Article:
History of Carlingford and Cooley Peninsula

Medieval Carlingford and the Cooley Peninsula, County Louth, Ireland

King John's Castle

King John’s Castle was built in the 12th century on a rocky outcrop overlooking Carlingford Lough.   The Castle dominated the Lough, the harbour and the developing town.  This was the first stone building built in Carlingford and under the shadow of the castle the town grew.  It is said that King John of England stayed here for a few days in 1210 AD.  

The original Castle consisted of an enclosed D-shaped courtyard with two rectangular towers at the entrance.   The eastern part of the Castle was built in 1261 and this included a number of rooms and a great hall.

The Tholsel

One of the last surviving gates into the town.  It functioned as a tollgate where taxes were levied on goods entering the town.  Originally it would have been a more formidable looking structure with at least two storys above the arched gateway.   From its design and the character of the stonework, the Tholsel appears to be of late-mediaeval date.

The Mint

This fortified Tower House was build by a wealthy merchant with stone, three storys high on a burgage plot, only the wealthy could afford to build a stone house.   The Mint dates from the 15th Century, and is an impressive building with lovely limestone windows, most probably inserted in the 16th Century.   Earlier windows were most likely made of sandstone.  Motifs with Celtic heads & knots are an example of the revival of interest in Celtic culture among wealthy classes.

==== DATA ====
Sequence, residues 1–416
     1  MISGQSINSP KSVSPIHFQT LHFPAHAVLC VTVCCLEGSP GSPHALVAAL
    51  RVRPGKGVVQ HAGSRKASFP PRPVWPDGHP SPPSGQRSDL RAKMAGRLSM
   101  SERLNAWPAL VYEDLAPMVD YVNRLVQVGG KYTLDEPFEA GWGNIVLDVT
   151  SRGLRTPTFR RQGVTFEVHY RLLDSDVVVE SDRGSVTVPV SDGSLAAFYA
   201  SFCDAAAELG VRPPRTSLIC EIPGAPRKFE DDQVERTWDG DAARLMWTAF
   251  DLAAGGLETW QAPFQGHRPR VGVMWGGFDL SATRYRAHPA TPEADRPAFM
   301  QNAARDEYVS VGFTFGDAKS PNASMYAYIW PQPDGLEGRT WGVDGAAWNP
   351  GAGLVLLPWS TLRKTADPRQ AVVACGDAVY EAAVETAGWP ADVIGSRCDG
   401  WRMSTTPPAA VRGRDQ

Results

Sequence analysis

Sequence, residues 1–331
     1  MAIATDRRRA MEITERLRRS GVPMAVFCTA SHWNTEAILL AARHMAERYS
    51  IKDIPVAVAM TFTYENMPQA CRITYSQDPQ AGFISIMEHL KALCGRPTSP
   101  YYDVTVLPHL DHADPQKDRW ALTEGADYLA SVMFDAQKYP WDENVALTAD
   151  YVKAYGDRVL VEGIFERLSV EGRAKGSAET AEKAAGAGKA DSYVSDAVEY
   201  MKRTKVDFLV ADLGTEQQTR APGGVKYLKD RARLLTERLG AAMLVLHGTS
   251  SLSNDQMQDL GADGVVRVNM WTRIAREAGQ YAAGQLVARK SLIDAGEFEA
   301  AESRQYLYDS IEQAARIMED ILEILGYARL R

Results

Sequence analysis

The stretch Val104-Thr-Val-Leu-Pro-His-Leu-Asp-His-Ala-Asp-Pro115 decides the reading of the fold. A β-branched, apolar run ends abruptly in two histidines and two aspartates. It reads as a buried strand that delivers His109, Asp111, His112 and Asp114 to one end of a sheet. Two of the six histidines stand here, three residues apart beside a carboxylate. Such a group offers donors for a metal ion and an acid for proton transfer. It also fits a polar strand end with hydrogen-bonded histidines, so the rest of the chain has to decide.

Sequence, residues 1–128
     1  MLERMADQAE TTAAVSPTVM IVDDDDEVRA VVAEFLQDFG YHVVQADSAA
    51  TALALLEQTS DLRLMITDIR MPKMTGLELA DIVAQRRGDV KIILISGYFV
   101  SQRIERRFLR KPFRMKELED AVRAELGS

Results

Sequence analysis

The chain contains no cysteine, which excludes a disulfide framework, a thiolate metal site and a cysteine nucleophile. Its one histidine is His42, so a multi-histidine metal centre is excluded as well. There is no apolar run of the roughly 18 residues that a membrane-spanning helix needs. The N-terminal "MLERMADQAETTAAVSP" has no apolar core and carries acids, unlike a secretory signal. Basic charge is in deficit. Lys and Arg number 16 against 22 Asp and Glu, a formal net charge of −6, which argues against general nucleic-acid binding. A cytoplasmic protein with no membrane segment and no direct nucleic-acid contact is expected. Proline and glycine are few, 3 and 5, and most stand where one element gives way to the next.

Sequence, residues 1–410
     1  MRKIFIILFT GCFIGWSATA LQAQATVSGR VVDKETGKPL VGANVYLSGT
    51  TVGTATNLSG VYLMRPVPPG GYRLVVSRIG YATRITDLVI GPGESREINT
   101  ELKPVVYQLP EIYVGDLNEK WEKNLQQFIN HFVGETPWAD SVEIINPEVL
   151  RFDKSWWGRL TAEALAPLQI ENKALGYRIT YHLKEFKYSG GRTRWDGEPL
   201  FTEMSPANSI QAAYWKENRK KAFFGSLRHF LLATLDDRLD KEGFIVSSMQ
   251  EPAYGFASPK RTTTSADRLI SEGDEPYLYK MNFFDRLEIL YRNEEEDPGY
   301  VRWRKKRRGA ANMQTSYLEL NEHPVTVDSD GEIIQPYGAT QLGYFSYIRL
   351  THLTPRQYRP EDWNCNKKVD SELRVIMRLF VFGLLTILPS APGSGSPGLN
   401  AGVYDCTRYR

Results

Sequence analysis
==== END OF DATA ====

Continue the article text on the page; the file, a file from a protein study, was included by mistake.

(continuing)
Taaffe's Castle

This Tower House was constructed in two phases; the older portion was built in the early 16th Century.  It still has many original features.  The annex was built probably about 50 yrs later to provide more living accommodation.  It was owned by the Earl of Carlingford, Nicholas Taaffe, who was killed at the battle of the Boyne fighting with King James in 1690.

The Dominican Friary

Under the patronage of Richard de Burgo, Earl of Ulster the Dominican order established the Friary in 1305, it was dedicated to St. Malachy.   It was dissolved under Henry the Eight in 1530.  Reoccupied by the Dominicans in the early 18th Century. 

Shelling Hill/Templetown Beach

Templetown was awarded the coveted blue flag,  these beaches have the finest stretches of sand on the peninsula.  There is excellent parking, toilet facilities.  Ideal location for family picnics

Grange Church

Grange Parish church is the earliest pre-emancipation church still in daily use in the Archdiocese of Armagh.   It is built in the ‘barn style’ and is the only whitewashed church in the country.   It was  built in 1762.


Prior to the famine of the 1840’s Whitestown was a typical clachan – a loose cluster of houses – dominated by three related families (kin groups) – the Murphys, Finegans and Kearneys.  These were the landed families, while most of the population of the village were landless labourers who used the conacre system of farming.


An Tain Bó Cuailnge the national epic of Ireland is centralised on the Cooley Peninsula. Here Cuchulainn, Queen Maebh and the renowned Brown Bull of Cooley met their fate. Their route can be followed across Ireland to the Cooley Mountains. This national marked way is known as The Táin Trail.



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